Distractibility refers to the shifting of attention from the task at hand to sounds or sights or other stimuli that normally occur in the environment.

If a patient is distractible, his/her attention and conversation changes from topic to topic in accordance with stimuli from within or without, for example in response to visual hallucinations Opens in new window.

Distractibility is closed linked to disinhibition Opens in new window because it relates to a person’s difficulty in controlling impulses to unimportant distractions. A distractible person may not be able to filter out or ignore external distractions, such as random sounds.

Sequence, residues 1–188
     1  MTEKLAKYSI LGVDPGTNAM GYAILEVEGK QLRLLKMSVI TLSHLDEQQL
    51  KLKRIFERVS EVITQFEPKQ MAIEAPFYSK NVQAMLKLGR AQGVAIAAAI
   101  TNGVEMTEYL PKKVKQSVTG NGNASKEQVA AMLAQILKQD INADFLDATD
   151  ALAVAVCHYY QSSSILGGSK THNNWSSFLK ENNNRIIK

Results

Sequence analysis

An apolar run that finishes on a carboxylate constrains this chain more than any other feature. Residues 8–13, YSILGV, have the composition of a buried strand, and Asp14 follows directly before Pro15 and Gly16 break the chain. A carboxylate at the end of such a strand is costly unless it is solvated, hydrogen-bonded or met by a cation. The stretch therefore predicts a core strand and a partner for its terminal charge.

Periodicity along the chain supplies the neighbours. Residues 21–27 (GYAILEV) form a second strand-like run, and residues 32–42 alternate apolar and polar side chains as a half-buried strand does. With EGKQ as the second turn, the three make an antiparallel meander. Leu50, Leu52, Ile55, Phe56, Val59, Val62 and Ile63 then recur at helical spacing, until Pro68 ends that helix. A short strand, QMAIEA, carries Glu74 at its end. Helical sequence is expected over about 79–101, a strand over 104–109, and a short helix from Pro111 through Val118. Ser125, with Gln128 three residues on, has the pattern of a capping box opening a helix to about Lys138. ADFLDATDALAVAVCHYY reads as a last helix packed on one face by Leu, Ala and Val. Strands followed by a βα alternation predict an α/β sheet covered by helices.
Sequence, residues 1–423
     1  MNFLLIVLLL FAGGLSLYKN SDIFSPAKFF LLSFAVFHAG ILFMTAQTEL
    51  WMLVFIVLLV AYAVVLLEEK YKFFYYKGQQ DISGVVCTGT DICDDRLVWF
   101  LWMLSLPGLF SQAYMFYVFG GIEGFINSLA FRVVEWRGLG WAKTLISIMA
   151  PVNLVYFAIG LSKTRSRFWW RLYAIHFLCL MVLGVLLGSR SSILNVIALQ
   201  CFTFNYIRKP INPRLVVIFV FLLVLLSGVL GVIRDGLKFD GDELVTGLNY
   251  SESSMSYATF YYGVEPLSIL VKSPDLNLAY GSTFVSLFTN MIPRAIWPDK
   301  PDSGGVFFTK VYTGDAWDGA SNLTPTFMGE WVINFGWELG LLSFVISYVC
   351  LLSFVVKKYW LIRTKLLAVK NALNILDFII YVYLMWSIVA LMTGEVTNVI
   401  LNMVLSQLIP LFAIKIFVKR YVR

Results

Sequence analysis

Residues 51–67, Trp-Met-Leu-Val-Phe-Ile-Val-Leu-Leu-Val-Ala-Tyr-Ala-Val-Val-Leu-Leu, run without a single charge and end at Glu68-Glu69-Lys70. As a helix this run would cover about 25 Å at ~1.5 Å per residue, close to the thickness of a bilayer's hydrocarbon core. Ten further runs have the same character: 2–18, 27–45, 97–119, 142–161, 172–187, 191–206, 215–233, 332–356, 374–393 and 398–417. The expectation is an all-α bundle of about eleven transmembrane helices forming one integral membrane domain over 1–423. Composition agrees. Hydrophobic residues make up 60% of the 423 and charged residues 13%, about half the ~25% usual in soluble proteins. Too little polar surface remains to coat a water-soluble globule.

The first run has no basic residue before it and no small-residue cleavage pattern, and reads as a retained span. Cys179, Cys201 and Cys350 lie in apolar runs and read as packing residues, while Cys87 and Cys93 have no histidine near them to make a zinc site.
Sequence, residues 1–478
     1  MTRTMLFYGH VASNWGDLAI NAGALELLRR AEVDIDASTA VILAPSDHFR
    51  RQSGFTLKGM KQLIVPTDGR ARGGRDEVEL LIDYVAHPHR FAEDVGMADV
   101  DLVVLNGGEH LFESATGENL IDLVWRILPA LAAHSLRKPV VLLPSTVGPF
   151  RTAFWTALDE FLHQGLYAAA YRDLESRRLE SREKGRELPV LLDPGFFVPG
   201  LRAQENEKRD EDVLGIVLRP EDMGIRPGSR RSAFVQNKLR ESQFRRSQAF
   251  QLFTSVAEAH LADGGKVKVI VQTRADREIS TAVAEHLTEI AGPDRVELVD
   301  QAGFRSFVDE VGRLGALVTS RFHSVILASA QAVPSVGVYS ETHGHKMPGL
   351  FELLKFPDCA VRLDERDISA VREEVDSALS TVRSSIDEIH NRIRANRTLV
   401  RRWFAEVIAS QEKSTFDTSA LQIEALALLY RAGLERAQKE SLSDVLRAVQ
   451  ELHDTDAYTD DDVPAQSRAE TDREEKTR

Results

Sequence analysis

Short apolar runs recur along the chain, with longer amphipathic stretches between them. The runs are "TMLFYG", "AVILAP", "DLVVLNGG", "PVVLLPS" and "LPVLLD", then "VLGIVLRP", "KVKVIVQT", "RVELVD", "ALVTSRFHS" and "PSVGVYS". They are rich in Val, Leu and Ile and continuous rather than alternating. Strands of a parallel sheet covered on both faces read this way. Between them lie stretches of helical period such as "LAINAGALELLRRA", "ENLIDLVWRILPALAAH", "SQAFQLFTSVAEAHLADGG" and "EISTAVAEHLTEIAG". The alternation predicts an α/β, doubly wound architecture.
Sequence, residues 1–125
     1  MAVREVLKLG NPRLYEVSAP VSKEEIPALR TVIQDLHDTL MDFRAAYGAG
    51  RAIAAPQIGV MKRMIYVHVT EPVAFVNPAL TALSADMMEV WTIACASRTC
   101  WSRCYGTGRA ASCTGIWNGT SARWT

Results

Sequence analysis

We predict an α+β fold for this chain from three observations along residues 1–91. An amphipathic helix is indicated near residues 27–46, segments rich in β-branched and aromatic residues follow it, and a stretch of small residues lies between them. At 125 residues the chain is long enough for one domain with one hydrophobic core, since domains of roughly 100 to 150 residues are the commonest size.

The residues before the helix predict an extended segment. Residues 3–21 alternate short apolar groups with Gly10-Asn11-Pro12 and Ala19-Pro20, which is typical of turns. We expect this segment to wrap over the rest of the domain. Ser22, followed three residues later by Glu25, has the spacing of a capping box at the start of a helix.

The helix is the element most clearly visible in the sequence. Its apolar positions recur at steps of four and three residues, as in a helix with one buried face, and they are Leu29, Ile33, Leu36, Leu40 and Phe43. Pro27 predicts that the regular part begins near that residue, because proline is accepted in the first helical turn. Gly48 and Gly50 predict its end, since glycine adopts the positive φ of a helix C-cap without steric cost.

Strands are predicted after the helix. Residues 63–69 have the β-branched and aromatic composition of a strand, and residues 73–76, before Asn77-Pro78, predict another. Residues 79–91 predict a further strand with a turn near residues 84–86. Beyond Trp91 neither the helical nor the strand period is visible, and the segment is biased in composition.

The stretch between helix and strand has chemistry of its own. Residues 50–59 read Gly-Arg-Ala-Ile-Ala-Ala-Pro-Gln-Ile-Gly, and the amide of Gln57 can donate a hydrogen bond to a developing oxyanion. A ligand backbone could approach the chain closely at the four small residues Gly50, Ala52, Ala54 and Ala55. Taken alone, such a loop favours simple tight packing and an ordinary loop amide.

Distractibility primarily refers to a problem with controlling the focus of attention, which may shift to unimportant information such as a picture on a wall or a noise from outside a room.

Certain behavioral rating scales can measure distractibility, which can be an important way of determining whether an attention disorder is present.

    Adapted from:
  1. Sims' Symptoms in the Mind: An Introduction to Descriptive Psychopathology By Femi Oyebode
  2. Extraordinary Disorders of Human Behavior By Claude T. H. Friedmann, Robert A. Faguet